It was my first current affairs story and it seemed straightforward enough.
Interview the real estate agent whose client had plans to develop a stunning parcel of land hugging the New South Wales coastline.
Get the council to comment on the likelihood of zoning changes needed for it to happen.
Ask people in the main street what they thought about the potential development and add gorgeous pictures of the land itself.
Fairly average stuff for our country station but it would give me a chance to branch out from the one-minute news stories I’d been doing.
But as I grabbed my notebook and headed out the door, the news editor called to me, ‘The company behind the development is Japanese – play up that angle. A lot of people around here still feel strongly about the Japanese after the war. But don’t tell the real estate agent what you’re doing or he’ll refuse the interview.’
It stopped me in my tracks.
I was confused and conflicted. What did anti-Japanese sentiment have to do with a land development? Surely it was a straightforward business deal. And wasn’t it wrong to deceive the interviewee?
It felt very wrong to me. Yes, I knew ratings mattered and conflict rated but I didn’t like the idea of whipping up opposition to the project just for ratings.
I was barely six months into my first reporting job and to be honest, pretty unworldly. My boss was a man I had liked from the start – a good reporter and writer; someone seemed to operate ethically.
So, I ignored my misgivings and did the interview without letting on about the approach we were taking. I’m sorry to say that the final story did play up the Japanese developer angle. I even got the editor to include emotive music and the rising sun flag.
It was shameful.
Naturally, after it aired I got a call from the real estate agent.
I was nervous. I thought he’d give me a roasting.
To my surprise he wasn’t angry, just expressed disbelief that I would mislead him so blatantly.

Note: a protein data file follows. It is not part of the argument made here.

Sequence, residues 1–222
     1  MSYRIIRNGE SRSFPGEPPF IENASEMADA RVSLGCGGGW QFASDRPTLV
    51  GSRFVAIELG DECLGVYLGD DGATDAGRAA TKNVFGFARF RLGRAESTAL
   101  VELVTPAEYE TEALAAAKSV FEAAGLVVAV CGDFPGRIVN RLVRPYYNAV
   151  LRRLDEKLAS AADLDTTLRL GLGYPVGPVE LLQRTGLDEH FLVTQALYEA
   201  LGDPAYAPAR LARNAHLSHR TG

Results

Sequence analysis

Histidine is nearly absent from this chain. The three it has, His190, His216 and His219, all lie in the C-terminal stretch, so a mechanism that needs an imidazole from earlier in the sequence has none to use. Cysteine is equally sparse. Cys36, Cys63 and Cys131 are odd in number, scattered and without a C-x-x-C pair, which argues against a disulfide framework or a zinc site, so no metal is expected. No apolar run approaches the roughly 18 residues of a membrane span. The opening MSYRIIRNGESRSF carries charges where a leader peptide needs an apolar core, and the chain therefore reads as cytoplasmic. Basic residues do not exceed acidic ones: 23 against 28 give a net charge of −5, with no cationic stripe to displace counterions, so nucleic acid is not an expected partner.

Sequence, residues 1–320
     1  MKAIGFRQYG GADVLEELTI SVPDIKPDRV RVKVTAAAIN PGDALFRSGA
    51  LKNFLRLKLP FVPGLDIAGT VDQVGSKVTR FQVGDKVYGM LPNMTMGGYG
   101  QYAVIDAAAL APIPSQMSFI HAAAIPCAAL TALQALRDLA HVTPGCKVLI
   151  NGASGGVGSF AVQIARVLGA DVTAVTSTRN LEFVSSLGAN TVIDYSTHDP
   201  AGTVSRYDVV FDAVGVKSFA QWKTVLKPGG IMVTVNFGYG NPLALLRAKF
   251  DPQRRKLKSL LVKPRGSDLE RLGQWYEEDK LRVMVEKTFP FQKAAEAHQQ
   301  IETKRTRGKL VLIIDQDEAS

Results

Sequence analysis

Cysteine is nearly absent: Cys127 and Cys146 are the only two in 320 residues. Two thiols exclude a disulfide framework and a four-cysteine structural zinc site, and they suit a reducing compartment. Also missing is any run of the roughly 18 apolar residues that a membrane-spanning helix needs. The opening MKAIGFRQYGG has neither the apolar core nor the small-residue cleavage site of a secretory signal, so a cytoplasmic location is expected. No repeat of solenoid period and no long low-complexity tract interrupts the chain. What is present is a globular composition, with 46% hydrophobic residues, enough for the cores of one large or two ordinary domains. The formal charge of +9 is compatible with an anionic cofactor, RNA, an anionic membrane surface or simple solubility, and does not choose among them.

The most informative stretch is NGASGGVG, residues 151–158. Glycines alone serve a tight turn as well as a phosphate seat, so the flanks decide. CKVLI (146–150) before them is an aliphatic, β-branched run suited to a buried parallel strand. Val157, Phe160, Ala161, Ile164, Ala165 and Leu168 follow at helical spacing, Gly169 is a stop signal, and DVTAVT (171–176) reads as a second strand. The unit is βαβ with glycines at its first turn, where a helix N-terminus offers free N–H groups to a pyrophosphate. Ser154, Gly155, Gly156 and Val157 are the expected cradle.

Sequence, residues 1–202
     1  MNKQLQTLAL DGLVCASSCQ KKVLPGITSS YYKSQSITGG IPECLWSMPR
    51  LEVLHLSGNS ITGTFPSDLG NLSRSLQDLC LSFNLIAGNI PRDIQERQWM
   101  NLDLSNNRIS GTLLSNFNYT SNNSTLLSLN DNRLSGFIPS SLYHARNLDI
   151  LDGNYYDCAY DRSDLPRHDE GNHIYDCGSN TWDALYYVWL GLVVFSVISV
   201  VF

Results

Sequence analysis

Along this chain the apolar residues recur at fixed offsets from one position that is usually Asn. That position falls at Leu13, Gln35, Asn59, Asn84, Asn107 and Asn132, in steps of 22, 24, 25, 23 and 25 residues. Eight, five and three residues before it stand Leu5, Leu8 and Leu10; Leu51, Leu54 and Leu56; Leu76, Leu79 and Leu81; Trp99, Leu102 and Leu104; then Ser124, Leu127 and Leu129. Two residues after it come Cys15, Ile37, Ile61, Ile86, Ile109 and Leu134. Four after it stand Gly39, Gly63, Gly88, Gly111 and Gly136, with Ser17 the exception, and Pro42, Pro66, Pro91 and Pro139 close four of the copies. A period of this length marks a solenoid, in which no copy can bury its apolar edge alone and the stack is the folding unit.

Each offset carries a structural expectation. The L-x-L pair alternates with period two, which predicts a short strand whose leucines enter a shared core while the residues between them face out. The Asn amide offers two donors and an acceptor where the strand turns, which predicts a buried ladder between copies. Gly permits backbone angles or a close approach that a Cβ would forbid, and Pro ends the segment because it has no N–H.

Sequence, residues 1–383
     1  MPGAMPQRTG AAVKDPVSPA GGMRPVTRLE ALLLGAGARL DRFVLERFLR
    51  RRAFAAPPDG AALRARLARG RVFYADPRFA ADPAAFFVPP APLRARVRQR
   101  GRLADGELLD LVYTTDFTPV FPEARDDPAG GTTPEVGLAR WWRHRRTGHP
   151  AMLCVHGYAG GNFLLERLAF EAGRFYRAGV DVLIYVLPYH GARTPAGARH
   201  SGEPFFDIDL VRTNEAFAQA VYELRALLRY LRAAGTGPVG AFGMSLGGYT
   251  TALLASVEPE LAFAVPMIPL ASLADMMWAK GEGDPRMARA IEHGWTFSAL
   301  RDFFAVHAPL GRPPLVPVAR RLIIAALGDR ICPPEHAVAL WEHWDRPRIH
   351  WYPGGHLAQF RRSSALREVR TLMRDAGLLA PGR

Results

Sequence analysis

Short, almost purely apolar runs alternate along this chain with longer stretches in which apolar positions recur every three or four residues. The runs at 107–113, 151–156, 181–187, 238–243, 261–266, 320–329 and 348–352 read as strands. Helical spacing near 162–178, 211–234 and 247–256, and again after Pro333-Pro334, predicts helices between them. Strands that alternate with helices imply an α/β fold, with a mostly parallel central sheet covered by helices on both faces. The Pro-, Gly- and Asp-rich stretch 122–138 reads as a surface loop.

I tried to talk it over with my boss but he gave me the impression that I needed to toughen up. That taking the angle we did was part of our role to tackle the tough questions. I left feeling somehow smaller, and not up to the job.
Thankfully it was the only time I experienced direct interference in a story although there would be many more times when I was confused. I was always trying to work out who was right and who was wrong so I could tell the story ‘properly’.
I know better now. I know that there’s often a little bit of right and a little bit of wrong in every situation and in most people including me.
Getting it wrong is something I’ve come to accept as part of growing.
There’s a quote I like from the British philosopher Alain de Botton.
Embarrassed? I’ve done that…
I’ve been keeping a journal, off and on, for more than thirty years and there’s plenty between those pages to feel embarrassed about.
But if Alain is right, there’s been plenty of growth because of those embarrassments.
As a teenager, I’d use my journal to record what was happening, where I’d been and what I’d done as well as pour out my feelings. Lots of angst and longing there!
These days my journal is more reflective and it’s begun revealing to me who I am at heart and where my heart needs to go.
It seems plenty of others feel the same way: businesswoman Suzi Dafnis recently wrote about journaling…
It’s such a powerful way to get present to what’s really going on and to listen to that still quiet voice that often doesn’t get heard in the busy-ness of life. But it’s from that still quiet voice that some of my BEST ideas for my business have come from.
At the start of this year, I decided to read my old journals instead of doing my usual thing of setting goals. It’s been inspirational. Reading back has shown me the common threads that come up time and again – yes from month to month but also further back, from year to year.
It’s helped me see that four intentions keep coming up:
1. To work with inspiring people
2. To do great work
3. To build and maintain good relationships
4. To be fit and healthy.
These are the foundations to fulfilment and success for me. They are the foundations to my being. So now I’m using them to set short term goals, asking each time – how does this serve one of the foundations? Through knowing myself better, I make better choices and set better challenges for myself.
If I had known myself better as a young reporter, would I still have surrendered my integrity to someone else’s agenda? Done the real estate story the same way? Hmm – yes probably, because as a junior reporter I had no power.
But it would have helped to know that being confused and conflicted was not weak. It was strong to try to work out a way to be true to myself. Strong to have doubts. Strong to get it wrong and still keep going.
So I agree with Alain – last year’s self is embarrassing but by journaling, I can make sure I’m embarrassed enough to grow.
Image by Will B.